The Cloud of the Ascension

As I have been reflecting on the readings for this Sunday, something suddenly burst forth in my mind when I read the following passage from the Acts of the Apostles:

When he had said this, as they were looking on,
he was lifted up, and a cloud took him from their sight.

I don’t know about you, but I know that when I have read this in the past, I have always thought of some white fluffy cloud either taking Jesus out of sight, or Jesus being lifted up on some fluffy cloud.  Don’t ask me why, but I think part of it is because we only tend to think of clouds that way.  So, when we see the word, we immediately associate that concept of the cloud to the passage.

Yet, what hit me was that, perhaps my concept of cloud is not what is meant in this passage.  You see, the image of the cloud has a rich history both in the Old Testament and in the Gospels.  This site has a good overview of the various passages in Scripture that use the image of the cloud.

The images that use a cloud, however, that were most prominent in my mind were the image of the cloud that descended on Mt Sinai and the Mount of the Transfiguration.  In Exodus 19:19, the Lord God says to Moses that he will descend upon him in a thick cloud.  In Luke’s Gospel, we find that a cloud overshadowed Jesus and the disciples, with a voice speaking from the midst of the cloud “this is my beloved Son, listen to Him.”

Thus, when I heard the reading from Acts, it dawned upon me that the cloud by which Jesus disappears is not a cloud as we understand it.  It is the cloud of the presence of God: the Father has come to bring the Son back to His rightful place in Heaven.

The descent of the cloud is a sign of the presence of God.  It is a mysterious cloud.  Many Church Fathers see the cloud, for example, as the mysterious presence of God, a presence that creates a darkness in the minds, for we are unable to comprehend God.  It is a sign of God, too, enacting a new promise with His chosen people.

The cloud “took Jesus from their sight”.  It does say that Jesus was taken up, and we do call it the Ascension.  Yet we cannot look at it in spatial terms.  We must look, rather, at the Ascension as Jesus’ ascent to His throne in Heaven, which is not a spatial event, but rather relational and greater than the three dimensional world we live in.  Jesus was taken from the sight of the disciples in the clouds.  What was clear has now passed over into the liturgical, scriptural, and sacramental life of the Church (what St Leo the Great calls the Mysteries).  Jesus is removed from our sight, but not from our hearts.  What was seen, is now seen by faith.  What was known through the senses is now known by the soul.  What was heard from the lips of Jesus now comes to us through the Scriptures and the teaching of the Church.  The cloud darkens the heart because it is lifting the heart of the disciples into a more intense, more intimate relationship with the Lord, a relationship that is realized at Pentacost.  The darkness of the cloud is really the light of faith acting in our lives.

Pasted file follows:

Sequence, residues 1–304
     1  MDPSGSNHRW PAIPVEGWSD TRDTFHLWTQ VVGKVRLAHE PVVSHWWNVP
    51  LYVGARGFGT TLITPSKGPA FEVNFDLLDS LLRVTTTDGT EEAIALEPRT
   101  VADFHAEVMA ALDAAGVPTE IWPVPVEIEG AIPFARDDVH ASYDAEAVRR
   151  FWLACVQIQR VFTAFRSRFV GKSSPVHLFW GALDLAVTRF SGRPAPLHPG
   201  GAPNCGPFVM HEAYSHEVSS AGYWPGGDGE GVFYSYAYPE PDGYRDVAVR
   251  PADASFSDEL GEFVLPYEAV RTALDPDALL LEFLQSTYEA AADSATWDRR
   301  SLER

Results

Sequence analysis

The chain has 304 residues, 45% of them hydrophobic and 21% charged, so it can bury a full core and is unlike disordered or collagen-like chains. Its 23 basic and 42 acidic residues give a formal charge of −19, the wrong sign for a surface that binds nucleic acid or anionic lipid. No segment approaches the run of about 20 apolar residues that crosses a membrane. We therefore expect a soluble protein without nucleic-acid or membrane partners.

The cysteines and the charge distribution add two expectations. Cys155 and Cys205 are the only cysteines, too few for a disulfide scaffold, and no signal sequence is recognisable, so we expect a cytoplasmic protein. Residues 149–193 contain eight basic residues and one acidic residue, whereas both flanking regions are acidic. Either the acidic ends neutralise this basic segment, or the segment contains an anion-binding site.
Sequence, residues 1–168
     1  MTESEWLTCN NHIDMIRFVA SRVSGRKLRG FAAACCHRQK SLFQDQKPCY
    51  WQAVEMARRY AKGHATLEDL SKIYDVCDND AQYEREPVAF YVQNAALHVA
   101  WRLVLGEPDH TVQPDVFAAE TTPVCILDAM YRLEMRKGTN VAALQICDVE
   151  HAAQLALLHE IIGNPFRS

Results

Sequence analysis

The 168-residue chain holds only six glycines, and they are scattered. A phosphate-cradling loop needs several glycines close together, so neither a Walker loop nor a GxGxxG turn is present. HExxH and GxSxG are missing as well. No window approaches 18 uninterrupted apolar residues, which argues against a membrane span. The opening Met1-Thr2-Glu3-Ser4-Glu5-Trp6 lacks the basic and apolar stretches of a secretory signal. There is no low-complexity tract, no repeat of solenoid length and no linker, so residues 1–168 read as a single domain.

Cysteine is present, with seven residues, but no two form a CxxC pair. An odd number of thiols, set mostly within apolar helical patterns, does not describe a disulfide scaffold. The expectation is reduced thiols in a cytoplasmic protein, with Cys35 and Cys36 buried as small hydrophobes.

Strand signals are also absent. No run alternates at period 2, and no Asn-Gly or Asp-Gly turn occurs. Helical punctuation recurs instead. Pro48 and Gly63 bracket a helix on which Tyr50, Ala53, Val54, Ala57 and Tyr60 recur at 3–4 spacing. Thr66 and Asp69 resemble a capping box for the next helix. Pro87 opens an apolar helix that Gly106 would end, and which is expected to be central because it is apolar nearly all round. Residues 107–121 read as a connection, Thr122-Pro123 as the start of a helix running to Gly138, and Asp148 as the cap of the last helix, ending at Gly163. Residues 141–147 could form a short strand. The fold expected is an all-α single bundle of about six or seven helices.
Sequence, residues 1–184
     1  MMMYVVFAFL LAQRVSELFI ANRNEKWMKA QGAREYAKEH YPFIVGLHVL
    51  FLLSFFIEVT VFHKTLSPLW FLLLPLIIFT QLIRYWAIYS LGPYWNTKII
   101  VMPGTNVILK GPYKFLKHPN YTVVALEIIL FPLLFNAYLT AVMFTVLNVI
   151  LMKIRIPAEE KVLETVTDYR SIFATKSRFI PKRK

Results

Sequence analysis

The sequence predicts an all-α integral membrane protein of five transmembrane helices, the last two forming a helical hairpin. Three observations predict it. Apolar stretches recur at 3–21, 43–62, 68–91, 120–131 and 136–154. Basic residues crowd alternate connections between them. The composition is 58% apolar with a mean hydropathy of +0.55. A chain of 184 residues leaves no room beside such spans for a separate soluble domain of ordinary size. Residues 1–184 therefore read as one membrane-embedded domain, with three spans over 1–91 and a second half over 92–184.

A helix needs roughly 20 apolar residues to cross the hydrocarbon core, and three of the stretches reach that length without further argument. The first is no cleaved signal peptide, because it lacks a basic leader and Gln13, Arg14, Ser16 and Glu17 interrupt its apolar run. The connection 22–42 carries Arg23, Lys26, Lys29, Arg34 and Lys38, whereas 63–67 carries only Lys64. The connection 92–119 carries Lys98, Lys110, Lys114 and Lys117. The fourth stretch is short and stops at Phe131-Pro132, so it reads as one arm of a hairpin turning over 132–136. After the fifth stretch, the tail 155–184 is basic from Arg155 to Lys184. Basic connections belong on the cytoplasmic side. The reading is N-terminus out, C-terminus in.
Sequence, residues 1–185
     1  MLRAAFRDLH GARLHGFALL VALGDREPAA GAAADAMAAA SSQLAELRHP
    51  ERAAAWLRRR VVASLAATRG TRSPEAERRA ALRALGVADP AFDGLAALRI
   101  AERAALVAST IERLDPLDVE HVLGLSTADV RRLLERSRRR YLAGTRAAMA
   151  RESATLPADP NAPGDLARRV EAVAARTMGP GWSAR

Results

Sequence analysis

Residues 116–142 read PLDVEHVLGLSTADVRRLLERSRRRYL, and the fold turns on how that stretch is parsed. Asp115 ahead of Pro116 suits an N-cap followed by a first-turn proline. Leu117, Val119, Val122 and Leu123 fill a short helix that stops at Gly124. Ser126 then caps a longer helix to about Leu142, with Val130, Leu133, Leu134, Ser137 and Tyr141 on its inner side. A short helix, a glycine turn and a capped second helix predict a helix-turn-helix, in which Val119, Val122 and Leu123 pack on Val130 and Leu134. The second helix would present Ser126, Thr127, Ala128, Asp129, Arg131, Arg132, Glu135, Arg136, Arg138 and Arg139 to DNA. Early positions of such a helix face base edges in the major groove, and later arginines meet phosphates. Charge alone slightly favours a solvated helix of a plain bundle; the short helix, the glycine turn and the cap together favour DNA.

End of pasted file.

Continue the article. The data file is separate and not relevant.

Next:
When you then begin to think about it, you begin to realize that the darkness that is experienced in faith (not the darkness of suffering, but the darkness of insight, the darkness of not being able to grasp God and His inner life) is really only the start of the spiritual life.  Just as the disciples receive this darkness just prior to their mission of preaching, so we as disciples of Jesus, through the darkness of not seeing Jesus in our prayer, in our inability to grasp God despite our intense desire to do so is not an abomination of faith, but rather the fulfillment of faith.  We see that we are not on the wrong path, but on the right path, because we become purified, like the disciples.  Just as they mistakingly looked up and were corrected by the angels, so too does God correct us in our darkness about our desire to grasp Him.  Our darkness reminds us that we are unable to grasp God, and once we accept that in our lives we are able to receive the Holy Spirit fully in our hearts, thus being able to be moved to proclaim the Gospel to the whole world.

As we can see, the event of the Ascension is very important to us as Christians.

in Christ



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